giovedì 27 novembre 2014

Review & Giveaway: Found, Near Water by Katherine Hayton

Found, Near Water
by Katherine Hayton



Rena Sutherland wakes from a coma into a mother’s nightmare. Her daughter’s is missing – lost for four days – but no one has noticed; no one has complained; no one has been searching.

 As the victim support officer assigned to her case, Christine Emmett puts aside her own problems as she tries to guide Rena through the maelstrom of her daughter’s disappearance.

 A task made harder by an ex-husband desperate for control; a paedophile on early-release in the community; and a psychic who knows more than seems possible.

 And intertwined throughout, the stories of six women; six daughters lost.



On the fifteenth of March 2007 I came home after a short day’s work, and Emma wasn’t there. Jacob was, but he was unconscious on the bed and from the smell of him he hadn’t got to that state accidentally.

There were the police asking endless questions. There was the media attention and my daughter’s photo pasted across the front page of a lot of newspapers. She didn’t look anything like those photos. She was living, breathing, full of motion and life and energy. She would snuggle in next to me on a weekend morning and run a length of my hair through her pudgy wee hands and exclaim in admiration ‘Mummy. You’re so pretty.’

I thought that not knowing was the worst thing I could ever endure. Not knowing if she was in trouble or needing my help or in pain. I worried that she’d been taken by someone that would hurt her, then I worried that she’d been taken by someone who would love her and care for her and in a year or two she’d have forgotten I ever existed. Not knowing was killing me.

But it turned out that knowing was far worse. When I went to the hospital to identify my beautiful girl’s broken body - that was worse than not knowing. When I buried her in the cemetery and compared the size of the gravesite to the other freshly buried bodies - that was worse than not knowing. When I drank myself to sleep on the anniversary of her sixth birthday, and realised that I would likely be doing that until my life ended - that was worse than not knowing.
My Review:

It 's a chilling and shocking romance but the author has been very good to involve the reader in the story: once started to read it is impossible to put it down. The main argument of the book are missing children and their parents' suffering: a pain that never ends and should never be tried.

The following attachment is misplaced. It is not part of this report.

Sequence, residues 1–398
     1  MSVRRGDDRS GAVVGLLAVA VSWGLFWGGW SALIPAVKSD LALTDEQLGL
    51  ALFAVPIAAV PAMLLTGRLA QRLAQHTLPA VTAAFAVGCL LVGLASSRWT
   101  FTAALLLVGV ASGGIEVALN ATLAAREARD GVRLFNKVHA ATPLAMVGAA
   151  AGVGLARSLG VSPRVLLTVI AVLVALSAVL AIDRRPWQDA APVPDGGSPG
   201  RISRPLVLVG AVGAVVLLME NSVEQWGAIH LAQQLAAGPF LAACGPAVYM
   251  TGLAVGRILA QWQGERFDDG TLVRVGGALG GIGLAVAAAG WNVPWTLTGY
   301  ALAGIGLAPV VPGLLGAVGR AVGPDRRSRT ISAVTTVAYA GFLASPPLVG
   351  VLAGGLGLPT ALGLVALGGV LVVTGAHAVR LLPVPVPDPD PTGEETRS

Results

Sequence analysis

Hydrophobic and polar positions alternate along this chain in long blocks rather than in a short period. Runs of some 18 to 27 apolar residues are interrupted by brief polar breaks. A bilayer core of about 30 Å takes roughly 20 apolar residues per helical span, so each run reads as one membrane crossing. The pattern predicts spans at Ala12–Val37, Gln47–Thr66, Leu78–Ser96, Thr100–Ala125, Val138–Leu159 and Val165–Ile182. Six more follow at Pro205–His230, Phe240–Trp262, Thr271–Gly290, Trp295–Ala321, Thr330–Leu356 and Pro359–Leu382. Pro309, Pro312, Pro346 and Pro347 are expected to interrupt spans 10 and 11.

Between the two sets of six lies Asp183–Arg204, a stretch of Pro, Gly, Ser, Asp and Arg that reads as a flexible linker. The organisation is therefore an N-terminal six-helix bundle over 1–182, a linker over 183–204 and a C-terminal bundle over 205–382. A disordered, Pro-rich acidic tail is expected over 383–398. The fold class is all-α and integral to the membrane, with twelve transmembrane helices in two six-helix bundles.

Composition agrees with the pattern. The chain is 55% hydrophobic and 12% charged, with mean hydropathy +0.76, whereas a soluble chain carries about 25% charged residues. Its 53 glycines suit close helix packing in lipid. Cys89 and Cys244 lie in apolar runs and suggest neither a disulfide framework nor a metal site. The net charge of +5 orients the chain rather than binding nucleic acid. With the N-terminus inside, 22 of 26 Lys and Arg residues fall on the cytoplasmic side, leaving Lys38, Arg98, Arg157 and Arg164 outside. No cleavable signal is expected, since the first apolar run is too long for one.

Christine knows that pain but decided to use her suffering to help women like her and created a support group.  She is contacted by Rena, a mother who has awakened from a coma after a bad car accident and has not found her little girl Chloe. A psychic says she could be  near water. As the investigation unfolds, we learn of the sad stories that have lived the other mothers of  support group. In particular Terry, who sees the murderess of her daughter free after only six years
It 's really a good read, engaging, though sad and moving. Must read for those who love true stories and psychological thrillers 


AUTHOR Bio and Links:

Katherine Hayton is a 41 year old woman who works in insurance, doesn't have children or pets, can't drive, has lived in Christchurch her entire life, and currently resides two minutes’ walk from where she was born.
 For some reason she's developed a rich fantasy life.
 Buy her book and she'll be able to retire in luxury. Or in comfort. Or in just-scraping-by-but-at-least-I'm-not-in-the-office-24-7-ness.
Go on.

 A short interview

1. Any weird things you do when you’re alone?
Why? What do you mean? Who’s looking?
Nothing that seems weird to me. I do talk to myself a lot, usually when I’m typing, but I’m happy to do that in front of people as well so I don’t think that counts. I do throw my controller across the room a lot when the game doesn’t work properly (read: I’m not good at aiming so keep missing things) but I’m sure that’s what they’re designed to do otherwise I would’ve broken one by now.
I laugh out loud a lot at things that are only going on in my head, but surely everyone’s doing that?

2. What is your favorite quote and why?
It’s never too late to be the person you always wanted to be – George Elliot. I think I like it because I’ve started again later in life to try to make something of myself, and this saying reminds me that I can keep doing that until I’m dead.

3. What is your favorite ice cream flavor?
Cookies ‘n’ cream. I think I eat more cookies in ice cream each year than I do in cookies! I love the slight chewy roughness of the cookie amidst all the smoothness of the cream.

4. Which mythological creature are you most like?
Judging from my hair some mornings I’m tempted to say Medusa, but I think I’m more like Laelaps hunting the Teumessian fox. I’m a dog that always catches its prey hunting a fox that can never be caught. I like paradoxes.

5. What are four things you can’t live without?
Holidays, reading, writing, wifi. Even attempt to take one of those things away from me and I’ll cut your hand off. With a spoon.

Amazon Links:






Commenter: $50 Amazon/BN GC

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3 commenti:

  1. Buona Sera and thanks for hosting me today. Thanks also to any readers dropping by with questions or comments. Cheers.

  2. Thanks for the review!

    Trix, vitajex(at)Aol(Dot)com


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